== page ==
Art Auction Halted As Spain Investigates Whether Painting Is Actually A Lost Caravaggio
The Spanish government intervened to prevent the auctioning of a painting attributed to a little-known Spanish artist after art experts raised concerns that the piece could in fact be by Italian baroque master Michelangelo Merisi da Caravaggio.
A woman looks at two paintings, both called “Maria Magdalena in Ecstasy”, by an Italian painter … [+]
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Spain’s Ministry of Culture on Wednesday put an export ban on the Crown of Thorns, a small oil painting depicting Jesus before he was crucified, after Spain’s national museum, The Prado, raised concerns about the painting on Tuesday.
The crown of thorns was believed to have been painted by followers of José de Ribera, a 17th-century Spanish painter who experts say was heavily influenced by Caravaggio’s work, although some art experts now say the piece may have been misallocated because of the artist has been. similar styles.
Spanish auction house Ansorena pulled the painting from an auction on Thursday, where it was estimated to have sold for less than $ 1,800. If it is indeed a Caravaggio, its true value could be up to $ 180 million if sold to a private collector, an Italian art critic, and politician Vittorio Sgarbi told reporters this week.
Sgarbi was one of the art experts who raised the alarm about the painting’s true origins and continued to believe that Caravaggio was the artist. He pointed out the use of chiaroscuro or dramatic lighting throughout the painting and the composition of the painting, which The Guardians said.
The Spanish authorities were tasked with investigating who really painted the crown of thorns, through “a thorough technical and scientific study,” according to the Ministry of Culture.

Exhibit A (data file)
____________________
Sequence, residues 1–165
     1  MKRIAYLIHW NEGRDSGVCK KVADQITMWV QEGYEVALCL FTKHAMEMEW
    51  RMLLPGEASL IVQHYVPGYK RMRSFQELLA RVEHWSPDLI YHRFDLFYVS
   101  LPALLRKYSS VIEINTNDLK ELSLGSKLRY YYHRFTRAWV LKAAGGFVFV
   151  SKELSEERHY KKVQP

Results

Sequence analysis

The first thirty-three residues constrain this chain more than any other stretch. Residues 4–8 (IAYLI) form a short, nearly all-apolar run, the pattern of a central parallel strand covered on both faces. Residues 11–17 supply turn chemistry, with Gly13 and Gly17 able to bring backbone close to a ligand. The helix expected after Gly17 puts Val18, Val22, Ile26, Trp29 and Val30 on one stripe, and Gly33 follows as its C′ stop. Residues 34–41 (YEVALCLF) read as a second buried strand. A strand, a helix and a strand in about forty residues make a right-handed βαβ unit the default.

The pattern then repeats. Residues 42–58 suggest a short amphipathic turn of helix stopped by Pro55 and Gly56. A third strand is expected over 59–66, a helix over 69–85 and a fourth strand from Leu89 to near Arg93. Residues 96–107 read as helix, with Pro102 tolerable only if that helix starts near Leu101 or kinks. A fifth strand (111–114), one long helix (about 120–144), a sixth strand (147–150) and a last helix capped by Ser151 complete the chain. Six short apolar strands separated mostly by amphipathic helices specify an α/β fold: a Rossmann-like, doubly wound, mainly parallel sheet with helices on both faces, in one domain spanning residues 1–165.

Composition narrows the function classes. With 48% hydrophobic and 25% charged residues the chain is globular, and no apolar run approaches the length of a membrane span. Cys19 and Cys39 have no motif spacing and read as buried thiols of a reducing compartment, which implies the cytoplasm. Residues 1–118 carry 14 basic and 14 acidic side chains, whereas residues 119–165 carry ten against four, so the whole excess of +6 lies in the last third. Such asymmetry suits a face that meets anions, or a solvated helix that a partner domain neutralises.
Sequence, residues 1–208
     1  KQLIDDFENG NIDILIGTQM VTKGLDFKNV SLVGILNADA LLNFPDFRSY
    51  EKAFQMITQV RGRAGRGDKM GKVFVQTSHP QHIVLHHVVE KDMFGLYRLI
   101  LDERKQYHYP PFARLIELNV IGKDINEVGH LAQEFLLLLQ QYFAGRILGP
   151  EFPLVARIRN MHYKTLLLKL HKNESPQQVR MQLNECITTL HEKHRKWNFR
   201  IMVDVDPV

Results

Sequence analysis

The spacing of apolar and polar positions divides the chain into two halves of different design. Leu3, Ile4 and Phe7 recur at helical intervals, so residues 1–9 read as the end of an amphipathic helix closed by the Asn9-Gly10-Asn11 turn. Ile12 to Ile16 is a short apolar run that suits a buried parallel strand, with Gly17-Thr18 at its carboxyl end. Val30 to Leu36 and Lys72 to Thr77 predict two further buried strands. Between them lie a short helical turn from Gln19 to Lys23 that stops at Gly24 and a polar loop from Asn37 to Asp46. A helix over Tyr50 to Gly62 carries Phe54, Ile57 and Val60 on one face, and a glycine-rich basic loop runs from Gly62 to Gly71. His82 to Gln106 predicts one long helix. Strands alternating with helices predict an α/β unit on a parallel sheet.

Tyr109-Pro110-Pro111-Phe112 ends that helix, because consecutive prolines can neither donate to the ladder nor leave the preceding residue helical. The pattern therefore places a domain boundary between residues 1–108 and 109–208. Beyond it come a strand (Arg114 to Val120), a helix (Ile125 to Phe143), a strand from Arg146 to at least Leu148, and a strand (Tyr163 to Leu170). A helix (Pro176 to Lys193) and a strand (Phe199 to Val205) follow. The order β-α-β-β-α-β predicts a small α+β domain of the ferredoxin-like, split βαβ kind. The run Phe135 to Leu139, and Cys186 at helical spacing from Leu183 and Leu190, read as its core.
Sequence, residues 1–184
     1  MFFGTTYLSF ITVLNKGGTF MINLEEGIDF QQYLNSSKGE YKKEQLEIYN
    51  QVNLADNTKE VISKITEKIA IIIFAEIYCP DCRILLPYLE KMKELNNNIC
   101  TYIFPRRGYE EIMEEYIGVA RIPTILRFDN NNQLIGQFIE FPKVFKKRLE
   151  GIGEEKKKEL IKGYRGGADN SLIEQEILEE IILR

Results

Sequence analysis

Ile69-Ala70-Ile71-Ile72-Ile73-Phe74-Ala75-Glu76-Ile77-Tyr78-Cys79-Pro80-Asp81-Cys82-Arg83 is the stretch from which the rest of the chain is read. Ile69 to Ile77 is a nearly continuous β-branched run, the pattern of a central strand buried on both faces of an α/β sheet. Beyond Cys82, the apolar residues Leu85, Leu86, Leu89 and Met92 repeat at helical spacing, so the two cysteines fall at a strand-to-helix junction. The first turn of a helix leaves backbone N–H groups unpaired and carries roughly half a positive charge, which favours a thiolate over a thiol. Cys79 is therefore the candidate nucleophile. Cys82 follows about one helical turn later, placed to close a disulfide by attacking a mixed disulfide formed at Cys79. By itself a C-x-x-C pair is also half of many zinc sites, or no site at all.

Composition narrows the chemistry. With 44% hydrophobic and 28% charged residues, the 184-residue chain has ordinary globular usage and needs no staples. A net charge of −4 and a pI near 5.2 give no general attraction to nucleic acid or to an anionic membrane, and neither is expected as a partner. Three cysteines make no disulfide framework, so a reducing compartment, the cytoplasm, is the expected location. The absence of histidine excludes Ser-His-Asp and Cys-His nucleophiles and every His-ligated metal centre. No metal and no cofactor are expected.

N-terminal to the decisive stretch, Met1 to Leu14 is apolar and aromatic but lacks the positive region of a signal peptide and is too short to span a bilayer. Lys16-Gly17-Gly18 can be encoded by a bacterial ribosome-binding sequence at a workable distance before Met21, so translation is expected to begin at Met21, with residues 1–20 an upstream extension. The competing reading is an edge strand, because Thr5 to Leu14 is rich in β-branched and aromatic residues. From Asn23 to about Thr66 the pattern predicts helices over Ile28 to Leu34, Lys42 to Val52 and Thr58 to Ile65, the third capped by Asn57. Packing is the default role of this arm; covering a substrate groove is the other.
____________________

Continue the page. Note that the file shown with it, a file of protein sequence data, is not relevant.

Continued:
$ 145,500: This is the highest price a Caravaggio piece has fetched at auction, an astonishingly low number for an artist of Caravaggio’s caliber. Caravaggio’s works are rare and are expected to fetch sky-high prices in private sales. In 2019, Judith and Holofernes, a work advertised as a Lost Caravaggio painting, was purchased by a private collector just days before it was due to be auctioned for up to $ 170 million.
It is known that Caravaggio’s paintings sparked debates about attribution, also because his work was not in high demand by art collectors until the 20th century, hundreds of years after his death, and many of the pieces ascribed to him had incomplete provenances.
Caravaggio’s life was as intense and dramatic as his oil paintings. Caravaggio was born in Milan in 1571 and later moved to Rome, where he successfully painted religious works for churches. Known for drinking and getting into pub fights, he was forced to flee town in 1606 after killing a man at a game of tennis. He spent the rest of his life on the run, traveling and working in Naples, Malta and Sicily, where he continued to run into trouble and fled the authorities. Caravaggio died in Porto Ercole, a small Tuscan port town, in 1610 at the age of only 38, where he was buried in an unmarked grave. His death is still mysterious, and historians believe he may have died of syphilis, malaria, or an assassination attempt by his many enemies.
A painting that sold for almost 1,500 euros could be Caravaggio’s worth 50 million euros (The Guardian).
Spain: Works to be auctioned off at $ 1,800 may include Caravaggio (Associated Press)